Why 'friend-shoring' poses risks for long-term EM growth

A form of regionalisation

clock • 4 min read
Giancarlo Perasso, lead economist at PGIM Fixed Income
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Giancarlo Perasso, lead economist at PGIM Fixed Income

Two decades of globalisation have boosted emerging markets and advanced economies. But last month, attendees to the World Economic Forum in Davos were left grasping for dictionaries and economics textbooks.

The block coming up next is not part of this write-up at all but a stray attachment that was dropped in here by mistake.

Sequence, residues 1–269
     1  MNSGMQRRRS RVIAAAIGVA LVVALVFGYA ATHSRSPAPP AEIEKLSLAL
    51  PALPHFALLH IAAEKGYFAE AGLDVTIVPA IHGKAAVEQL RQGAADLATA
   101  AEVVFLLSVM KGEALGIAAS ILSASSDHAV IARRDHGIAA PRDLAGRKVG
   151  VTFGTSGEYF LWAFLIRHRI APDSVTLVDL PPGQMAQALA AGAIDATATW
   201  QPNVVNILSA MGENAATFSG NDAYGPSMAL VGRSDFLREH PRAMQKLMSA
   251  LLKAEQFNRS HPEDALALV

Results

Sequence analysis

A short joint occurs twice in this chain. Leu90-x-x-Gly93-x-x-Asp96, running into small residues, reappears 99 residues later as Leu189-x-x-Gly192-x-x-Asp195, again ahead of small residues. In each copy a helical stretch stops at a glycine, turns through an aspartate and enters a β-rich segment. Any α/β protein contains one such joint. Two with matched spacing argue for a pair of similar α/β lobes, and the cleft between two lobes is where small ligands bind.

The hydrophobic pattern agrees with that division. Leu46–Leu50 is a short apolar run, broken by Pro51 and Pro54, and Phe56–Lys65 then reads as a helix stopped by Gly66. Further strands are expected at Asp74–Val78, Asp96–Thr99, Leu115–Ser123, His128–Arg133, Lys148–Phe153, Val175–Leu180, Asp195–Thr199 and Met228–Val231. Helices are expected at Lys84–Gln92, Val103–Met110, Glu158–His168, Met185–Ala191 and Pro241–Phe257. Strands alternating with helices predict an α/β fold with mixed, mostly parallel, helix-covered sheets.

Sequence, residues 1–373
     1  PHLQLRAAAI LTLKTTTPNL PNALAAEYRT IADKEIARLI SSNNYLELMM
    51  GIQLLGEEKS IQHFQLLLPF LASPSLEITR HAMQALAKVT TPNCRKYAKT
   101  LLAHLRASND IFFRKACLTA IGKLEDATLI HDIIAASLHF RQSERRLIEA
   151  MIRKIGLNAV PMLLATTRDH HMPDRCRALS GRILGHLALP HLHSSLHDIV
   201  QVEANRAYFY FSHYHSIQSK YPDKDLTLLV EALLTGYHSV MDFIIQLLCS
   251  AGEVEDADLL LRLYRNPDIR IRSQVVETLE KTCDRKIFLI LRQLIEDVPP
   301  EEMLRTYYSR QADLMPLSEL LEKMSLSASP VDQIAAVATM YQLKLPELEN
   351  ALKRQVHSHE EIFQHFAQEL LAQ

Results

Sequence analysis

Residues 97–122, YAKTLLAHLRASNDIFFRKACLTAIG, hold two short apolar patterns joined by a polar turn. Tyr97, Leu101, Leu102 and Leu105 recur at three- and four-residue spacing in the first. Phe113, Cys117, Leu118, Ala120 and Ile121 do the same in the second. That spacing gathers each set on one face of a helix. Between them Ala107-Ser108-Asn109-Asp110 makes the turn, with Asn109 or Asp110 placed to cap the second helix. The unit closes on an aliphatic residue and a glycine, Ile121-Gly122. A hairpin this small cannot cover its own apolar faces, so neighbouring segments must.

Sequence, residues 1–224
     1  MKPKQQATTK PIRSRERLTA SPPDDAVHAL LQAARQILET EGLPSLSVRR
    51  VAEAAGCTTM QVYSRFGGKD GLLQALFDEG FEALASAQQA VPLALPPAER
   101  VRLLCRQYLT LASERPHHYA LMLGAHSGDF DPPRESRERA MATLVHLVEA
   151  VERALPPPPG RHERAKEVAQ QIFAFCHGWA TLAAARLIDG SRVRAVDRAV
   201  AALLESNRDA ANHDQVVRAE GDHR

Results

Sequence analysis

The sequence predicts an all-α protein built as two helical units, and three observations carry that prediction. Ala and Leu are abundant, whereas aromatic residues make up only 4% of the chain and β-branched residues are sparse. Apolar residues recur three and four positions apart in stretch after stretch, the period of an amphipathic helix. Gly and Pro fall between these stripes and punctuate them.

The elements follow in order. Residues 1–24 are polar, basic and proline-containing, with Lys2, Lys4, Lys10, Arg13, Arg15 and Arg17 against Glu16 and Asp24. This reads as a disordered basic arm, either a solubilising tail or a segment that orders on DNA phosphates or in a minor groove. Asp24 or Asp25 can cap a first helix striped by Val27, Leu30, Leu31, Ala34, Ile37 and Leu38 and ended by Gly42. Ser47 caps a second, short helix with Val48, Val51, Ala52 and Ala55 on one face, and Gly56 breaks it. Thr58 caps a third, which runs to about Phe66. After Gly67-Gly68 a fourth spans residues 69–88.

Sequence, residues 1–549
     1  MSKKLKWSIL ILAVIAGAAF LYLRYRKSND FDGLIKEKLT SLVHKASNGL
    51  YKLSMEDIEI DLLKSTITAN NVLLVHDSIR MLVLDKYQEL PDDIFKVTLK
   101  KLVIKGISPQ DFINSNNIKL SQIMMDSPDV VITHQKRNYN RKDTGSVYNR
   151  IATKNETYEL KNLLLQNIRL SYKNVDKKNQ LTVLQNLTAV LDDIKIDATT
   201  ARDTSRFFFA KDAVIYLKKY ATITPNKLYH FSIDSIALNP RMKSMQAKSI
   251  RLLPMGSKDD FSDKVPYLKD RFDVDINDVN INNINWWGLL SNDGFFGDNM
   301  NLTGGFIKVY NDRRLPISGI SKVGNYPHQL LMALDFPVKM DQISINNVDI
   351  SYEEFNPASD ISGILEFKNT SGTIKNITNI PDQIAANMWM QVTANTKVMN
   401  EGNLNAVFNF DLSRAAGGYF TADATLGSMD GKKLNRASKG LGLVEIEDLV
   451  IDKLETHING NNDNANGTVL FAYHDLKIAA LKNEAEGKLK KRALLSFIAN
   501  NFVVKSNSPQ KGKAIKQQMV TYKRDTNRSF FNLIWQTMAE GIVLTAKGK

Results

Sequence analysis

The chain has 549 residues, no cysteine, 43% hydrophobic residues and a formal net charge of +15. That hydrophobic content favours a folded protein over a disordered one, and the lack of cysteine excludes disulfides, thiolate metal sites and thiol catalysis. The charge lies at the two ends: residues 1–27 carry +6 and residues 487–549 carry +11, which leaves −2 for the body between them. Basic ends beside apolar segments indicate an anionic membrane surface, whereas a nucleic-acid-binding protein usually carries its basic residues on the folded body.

So-called ‘friend-shoring', a form of regionalisation in which economic partners prefer supply sources nearby, would materially affect EM growth. If the world splits into geopolitical blocks, the new trade constraints will lead to a reallocation of capital and a reduction in growth. Some countries would benefit more than others. On aggregate, we expect EM GDP growth to fall to around 3.7% per annum in the foreseeable future, compared to around 6.5% and 5.5% during the 2000s and 2010s, respectively. Key secular trends underpinning our revised trajectory precede the Covid-19 pandemic. T...

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